Evolution Selected For Religion
The creationists have a pretty solid explanation for the existence of evolutionists. Solid to their line of thinking anyway. The Devil tricked them into believing in evolution. For those that buy into creation, there’s no arguing with that logic. It fits.
Evolutionists on the other hand, seem not to have one solid explanation for the existence of creationists. And the explanations I have heard so far, are a little embarrassing. They sound good to evolutionists when you first hear them. But really, they are not so much explanation as they are versions of a childish “they are poopieheads.”
If you are going to argue that religious people are more gullible, or less intelligent, or any other thing that seems like a bad trait to have, you are going to have to explain, at one point or an other, why there are so many of them.
By the rules of the system we claim to believe in, the one way for a trait to become dominant -or at least wide spread- in a species, is for that trait to be beneficial for the survival of the species.
And religion is something you will find everywhere humans are, in any time frame. Now I know that knowledge complicates matters, but really, the arguments against religion are not new. Philosophy has existed for millennia. I also know fear and oppression complicates matters. But you can’t make people believe things. You can make them fake it. That’s not the same.
If you believe in evolution, and you want to play by the rules of what you believe in, only one explanation makes sense; evolution selected for religion.
I can almost prove it. This is, of course, not scientific at all. If you have a better personal explanation I’d love to hear it. My proof for evolution selecting for religion is…Beatlemania. And people fainting at political rallies. And the goosebumps I get watching the opening ceremony of the Olympics. And that feeling you get hearing this song while watching this video.
I’m not religious anymore, but I know what religious experience feels like. And these experiences I just listed, are religious experiences. Even when they have nothing to do with God. That undeniable feeling that you are somehow part of something bigger than yourself, bigger than all of us combined. A feeling of energy and love and unity that’s so huge, it’s overwhelming. Ask a religious person how do they really know. They will tell you they feel it. I think they do feel it. I think most of us can feel it at some point in our lives.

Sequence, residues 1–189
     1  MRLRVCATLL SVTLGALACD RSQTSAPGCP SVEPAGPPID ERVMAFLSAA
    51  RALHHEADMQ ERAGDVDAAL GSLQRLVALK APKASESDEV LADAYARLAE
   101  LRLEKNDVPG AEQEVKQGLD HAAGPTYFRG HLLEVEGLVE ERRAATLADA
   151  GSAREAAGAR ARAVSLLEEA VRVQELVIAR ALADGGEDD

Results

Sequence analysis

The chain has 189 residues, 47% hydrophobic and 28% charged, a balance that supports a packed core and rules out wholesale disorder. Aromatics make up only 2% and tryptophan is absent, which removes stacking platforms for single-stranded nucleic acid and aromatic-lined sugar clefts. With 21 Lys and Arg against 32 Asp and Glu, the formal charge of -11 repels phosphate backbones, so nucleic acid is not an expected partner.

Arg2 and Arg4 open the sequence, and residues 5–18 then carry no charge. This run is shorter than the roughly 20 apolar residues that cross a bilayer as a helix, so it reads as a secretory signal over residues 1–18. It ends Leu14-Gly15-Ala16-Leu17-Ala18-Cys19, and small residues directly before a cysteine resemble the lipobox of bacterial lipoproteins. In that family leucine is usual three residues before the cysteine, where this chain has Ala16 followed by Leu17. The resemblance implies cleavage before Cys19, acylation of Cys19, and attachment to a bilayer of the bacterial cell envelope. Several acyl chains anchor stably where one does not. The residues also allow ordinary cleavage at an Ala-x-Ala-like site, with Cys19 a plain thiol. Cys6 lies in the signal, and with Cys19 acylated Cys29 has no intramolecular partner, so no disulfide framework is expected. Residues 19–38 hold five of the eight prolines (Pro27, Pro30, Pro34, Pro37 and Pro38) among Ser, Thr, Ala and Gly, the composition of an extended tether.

I read this story recently.
God outside the Stonewall Inn
The night gnaws at me from the outside like the fear does from within, the world in my stomach is churning. I know…
Jonathan Martin sees Jesus Christ. That’s how his mind makes sense of the experience. I bet most people who were there with him, felt what he was feeling in that moment. They might not make sense of it in the same way, but I am willing to bet everything I have that they felt it.
And then today this story
Several weeks ago I took my daughter to a concert complete with backstage passes. For a chubby 47 year old man with a…
John Homan doesn’t feel it. But he can recognize the religious experience as it happens around him.
It’s actually John’s story that drove me to finish this today. The draft of this story has been living in my draft folder for some time now. The words he used in his poem: “my people”. I think that’s the bottom line of it.
Is there something bigger than ourselves? I don’t know. I don’t believe so. What I do believe, is that the ability to feel these moments of profound belonging that defy reason, are vitally important to the survival of a species that is physically so weak they need to depend on numbers to survive, but at the same time so prone to violence and so quick to use, abuse and betray each other. This trait to feel religious experiences is what allowed us to make our society. Without it, we would never be able to come together when needed. We wouldn’t be able to forget our distrust and dislike for other human beings in moments of need. It’s not a coincidence that religious experiences happen more when faced with suffering. That’s when our species needs it most to pull through and survive to create the next generation.
And then afterwards, when the feeling ebbs away, but the memory of the feeling remains, and we realize that everyone was acting against what our experiences taught us about humans, logic returns and asks “What was that? Was that…God?”